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DDEL Executive Board

Current DDEL Board Members

Photo of Dr. Camille Oquin

Camille Byrd O’Quin, Ed.D., CCC-SLP/L

Visiting Professor, Communication Disorder Department, Governors State University

Founding Executive Director, MixEdInclusion, LLC

Ed.D., Special Education, Illinois State University, 2021

M.A., Speech-Language Pathology, Northwestern University, 1999

B.S., Speech and Hearing Science, University of Illinois at Urbana-Champaign, 1997


Dr. O’Quin has worked for 25 years as a Speech-Language Pathologist in private practice, hospitals, clinics, home-health, public schools, private schools, and special education cooperatives, offering services to children and adults ages birth through 99. Dr. O’Quin found her niche working in urban communities with African American students and families in the inner city. Dr. O’Quin has a particular interest in how PK-12 educators perceive African American Vernacular English (AAVE), how to better prepare educators to serve PK-12 students who speak AAVE, and how to provide PK-12 educators with tools to distinguish AAVE from a disorder. Dr. O’Quin is a child advocate for culturally and linguistically diverse learners and has had multiple opportunities to give testimonials before the Illinois House of Representatives in Springfield, IL and U.S. Congressional Legislators in Washington, DC. Dr. O’Quin currently serves as the President of the Division for Culturally and Linguistically Diverse Exceptional Learners (DDEL) for the Council for Exceptional Children (CEC). 


Dr. O’Quin joined the Communications Disorders Department of Governors State University in 2022, first as adjunct faculty, and now as a Visiting Professor. Dr. O’Quin is also the founder and Executive Director of MixEdInclusion, LLC, a private practice and consulting company dedicated to special education and speech- language services in urban communities. Dr. O’Quin has more than five years of experience with clinical education and teaching in graduate programs. Dr. O’Quin’s scholarship includes presentations at regional, national, and international academic conferences and institutions. Dr. O’Quin’s research interests include the valuation of African American Vernacular English, the examination of disproportionality in special education, and the expansion of culturally responsive teaching practices in urban education. Dr. O’Quin hold licensure with the Illinois State Board of Education (ISBE) as both a Speech-Language Pathologist and a Director of Special Education, and she holds certification through the American Speech-Language-Hearing Association (ASHA).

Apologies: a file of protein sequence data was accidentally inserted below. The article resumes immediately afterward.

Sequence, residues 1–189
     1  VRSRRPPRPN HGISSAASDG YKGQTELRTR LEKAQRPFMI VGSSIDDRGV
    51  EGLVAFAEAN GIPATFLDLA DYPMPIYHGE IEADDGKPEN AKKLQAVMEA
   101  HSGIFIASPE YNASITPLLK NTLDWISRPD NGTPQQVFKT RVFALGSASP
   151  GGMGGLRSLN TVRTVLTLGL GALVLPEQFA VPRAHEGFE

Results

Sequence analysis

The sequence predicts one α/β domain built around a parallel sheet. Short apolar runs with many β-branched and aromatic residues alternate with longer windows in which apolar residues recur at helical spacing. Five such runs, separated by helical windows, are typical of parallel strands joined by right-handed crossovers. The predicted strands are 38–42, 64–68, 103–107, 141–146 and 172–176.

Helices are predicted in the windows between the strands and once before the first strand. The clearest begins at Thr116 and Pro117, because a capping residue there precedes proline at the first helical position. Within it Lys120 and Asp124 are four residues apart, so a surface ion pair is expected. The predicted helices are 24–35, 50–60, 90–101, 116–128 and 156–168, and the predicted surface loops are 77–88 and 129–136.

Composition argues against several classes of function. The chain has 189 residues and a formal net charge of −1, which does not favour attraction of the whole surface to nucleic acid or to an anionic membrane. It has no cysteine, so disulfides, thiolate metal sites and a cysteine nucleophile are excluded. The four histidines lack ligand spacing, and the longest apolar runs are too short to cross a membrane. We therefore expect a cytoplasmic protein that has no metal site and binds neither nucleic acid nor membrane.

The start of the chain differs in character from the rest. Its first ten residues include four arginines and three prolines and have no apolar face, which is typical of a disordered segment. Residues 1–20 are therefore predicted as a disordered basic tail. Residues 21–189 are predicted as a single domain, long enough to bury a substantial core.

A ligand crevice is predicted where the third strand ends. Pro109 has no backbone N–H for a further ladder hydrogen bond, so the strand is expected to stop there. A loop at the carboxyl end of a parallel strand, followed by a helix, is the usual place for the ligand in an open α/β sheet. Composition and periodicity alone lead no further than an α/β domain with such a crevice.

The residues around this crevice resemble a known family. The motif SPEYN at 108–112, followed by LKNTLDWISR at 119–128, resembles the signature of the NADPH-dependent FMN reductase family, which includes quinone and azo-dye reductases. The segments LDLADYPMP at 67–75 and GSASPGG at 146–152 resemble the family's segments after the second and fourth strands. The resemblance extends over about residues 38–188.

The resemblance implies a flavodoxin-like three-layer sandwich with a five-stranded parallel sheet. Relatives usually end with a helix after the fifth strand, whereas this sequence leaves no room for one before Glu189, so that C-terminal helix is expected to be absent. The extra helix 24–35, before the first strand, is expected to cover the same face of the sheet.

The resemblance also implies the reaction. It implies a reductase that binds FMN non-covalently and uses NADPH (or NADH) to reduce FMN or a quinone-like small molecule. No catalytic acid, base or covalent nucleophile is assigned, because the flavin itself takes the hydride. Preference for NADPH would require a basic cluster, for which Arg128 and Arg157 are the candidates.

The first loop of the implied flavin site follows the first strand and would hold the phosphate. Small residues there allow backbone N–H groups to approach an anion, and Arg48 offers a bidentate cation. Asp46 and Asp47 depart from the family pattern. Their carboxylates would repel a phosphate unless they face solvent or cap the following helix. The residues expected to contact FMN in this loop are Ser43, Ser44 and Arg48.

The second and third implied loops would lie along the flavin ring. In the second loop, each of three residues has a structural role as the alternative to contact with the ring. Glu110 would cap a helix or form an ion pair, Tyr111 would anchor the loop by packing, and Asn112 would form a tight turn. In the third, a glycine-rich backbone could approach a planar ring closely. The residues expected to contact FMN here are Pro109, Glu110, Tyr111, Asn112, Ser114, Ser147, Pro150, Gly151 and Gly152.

Julie Esparza Brown

Julie Esparza Brown, EdD

Professor in the Department of Special Education

Dr. Julie Esparza Brown is a professor of Special Education at Portland State University where her teaching, research, and publications focus on the intersection of language, dis/ability, race, and culture, and she is a passionate advocate for equity in education. Prior to joining PSU, she worked in public schools as a special, bilingual, and bilingual special education teacher and a school psychologist. Dr. Brown recently completed a four-year term as an elected school board member for the largest school district in Oregon.  Currently, she is Principal Investigator of a personnel preparation grant through the Office of English Language Acquisition to prepare diverse special educators and to improve literacy outcomes for multilingual students.  Dr. Brown recently completed work as Principal Investigator on a model demonstration grant funded through the Office of Special Education and Rehabilitation Programs that investigated culturally and linguistically responsive literacy interventions within an MTSS framework for English learner students at-risk for or with disabilities ( Her current co-authored book, Supporting English Learners in the Classroom: Distinguishing Language Acquisition from Learning Disabilities (Haas & Brown, 2019) is available through Teachers College Press.  


William Proffitt